John Waggoner: How do you survey the landscape for 2018?
Joe Davis: If I had to hang a phrase on 2018, it's that risks are brewing. All asset classes are at least fairly valued, if not overvalued. It wouldn't take much to surprise the markets.
JW: What's the chief risk?
JD: I think an upturn in inflation — ultimately temporary — is likely, especially in the context of ever-tightening labor markets. That would set us up for tighter monetary policy. Economists are focusing on the economy's growth rate, not as much on economic slack. We see more and more stories of the deflationary effects of automation, yet fewer on ever-tightening labor shortages.
With unemployment below 4%, wages could rise. Central banks associate rising wages and tighter labor markets with inflation, but our research shows that, given the growing influence of technology, technology is subtracting half a percentage point from inflation a year. If the central banks get a bit more aggressive by the end of next year, it sets up 2019 as a year when rising rates put greater pressure on the equity markets.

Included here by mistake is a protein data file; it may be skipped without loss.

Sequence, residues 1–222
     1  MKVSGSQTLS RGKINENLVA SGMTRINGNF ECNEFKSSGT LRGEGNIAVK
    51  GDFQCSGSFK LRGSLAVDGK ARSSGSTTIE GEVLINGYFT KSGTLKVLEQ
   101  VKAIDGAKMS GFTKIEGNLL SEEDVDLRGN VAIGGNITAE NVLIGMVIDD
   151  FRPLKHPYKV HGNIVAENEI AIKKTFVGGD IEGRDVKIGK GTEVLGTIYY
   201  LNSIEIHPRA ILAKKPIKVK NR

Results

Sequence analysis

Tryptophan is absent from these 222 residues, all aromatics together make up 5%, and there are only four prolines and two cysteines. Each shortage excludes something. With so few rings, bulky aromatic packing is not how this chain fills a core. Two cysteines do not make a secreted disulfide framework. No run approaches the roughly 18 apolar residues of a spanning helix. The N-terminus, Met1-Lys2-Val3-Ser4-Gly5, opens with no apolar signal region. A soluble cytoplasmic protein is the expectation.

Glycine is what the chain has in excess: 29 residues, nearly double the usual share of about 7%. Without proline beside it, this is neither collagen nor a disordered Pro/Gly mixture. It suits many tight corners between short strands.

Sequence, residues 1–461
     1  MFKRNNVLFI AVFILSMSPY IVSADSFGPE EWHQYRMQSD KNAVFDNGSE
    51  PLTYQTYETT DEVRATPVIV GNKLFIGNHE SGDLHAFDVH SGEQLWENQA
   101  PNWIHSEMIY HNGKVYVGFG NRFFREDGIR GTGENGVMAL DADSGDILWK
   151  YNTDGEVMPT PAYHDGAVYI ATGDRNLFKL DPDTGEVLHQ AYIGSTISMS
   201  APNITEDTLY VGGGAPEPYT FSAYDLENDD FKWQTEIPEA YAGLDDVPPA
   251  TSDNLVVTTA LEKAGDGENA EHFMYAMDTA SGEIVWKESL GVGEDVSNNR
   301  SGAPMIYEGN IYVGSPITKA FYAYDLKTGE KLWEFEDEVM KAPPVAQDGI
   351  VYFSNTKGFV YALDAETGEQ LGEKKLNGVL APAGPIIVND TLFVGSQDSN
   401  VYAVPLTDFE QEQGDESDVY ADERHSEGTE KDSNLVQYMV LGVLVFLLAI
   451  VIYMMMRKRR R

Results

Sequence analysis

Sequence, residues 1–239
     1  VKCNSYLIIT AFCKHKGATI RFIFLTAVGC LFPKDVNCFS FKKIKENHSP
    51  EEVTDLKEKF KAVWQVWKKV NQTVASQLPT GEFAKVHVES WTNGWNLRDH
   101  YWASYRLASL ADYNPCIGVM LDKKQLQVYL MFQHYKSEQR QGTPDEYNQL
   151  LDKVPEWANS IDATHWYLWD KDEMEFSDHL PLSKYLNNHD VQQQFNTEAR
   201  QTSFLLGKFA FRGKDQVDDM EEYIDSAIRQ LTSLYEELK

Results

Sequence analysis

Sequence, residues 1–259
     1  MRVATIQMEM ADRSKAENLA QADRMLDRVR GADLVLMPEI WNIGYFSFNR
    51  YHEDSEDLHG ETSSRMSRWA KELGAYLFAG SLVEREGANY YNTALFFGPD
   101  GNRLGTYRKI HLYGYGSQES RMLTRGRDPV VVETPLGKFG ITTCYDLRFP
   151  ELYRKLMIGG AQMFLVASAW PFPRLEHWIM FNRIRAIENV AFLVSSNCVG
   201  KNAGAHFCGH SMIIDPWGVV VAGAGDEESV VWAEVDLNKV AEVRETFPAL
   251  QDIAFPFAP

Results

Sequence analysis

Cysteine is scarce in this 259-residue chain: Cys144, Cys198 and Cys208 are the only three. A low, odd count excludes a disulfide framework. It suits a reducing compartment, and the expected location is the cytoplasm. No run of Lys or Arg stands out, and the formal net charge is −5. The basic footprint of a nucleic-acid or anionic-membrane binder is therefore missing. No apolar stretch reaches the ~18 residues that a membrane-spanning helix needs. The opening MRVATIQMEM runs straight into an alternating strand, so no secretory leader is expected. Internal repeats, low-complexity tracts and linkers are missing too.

JW: What should investors do?
JD: The next five years are going to be a frustrating return environment that will require patience and discipline. It's unlikely any asset class will be generating meaningful outsized gains. Equities are expected to outperform bonds, but their performance will come down relative to history and the past five years. It's been a very nice five years. The thing that's going to move the dial is going back to basics, the laser focus on costs and net-of-cost returns.
There will be a role for low-cost active management and keeping a global mindset on your portfolio. There are few free lunches out there, and it will be more important to harness those free lunches of diversification where you can get it. The first is global exposure to equity. The second is bond diversification for risky portfolios. There's no other magic bullet. Even though we have the lowest expected returns on balanced portfolios in 10 years, it's not horrific, but clearly guarded. We said it last year and the year before, we expect returns to come down.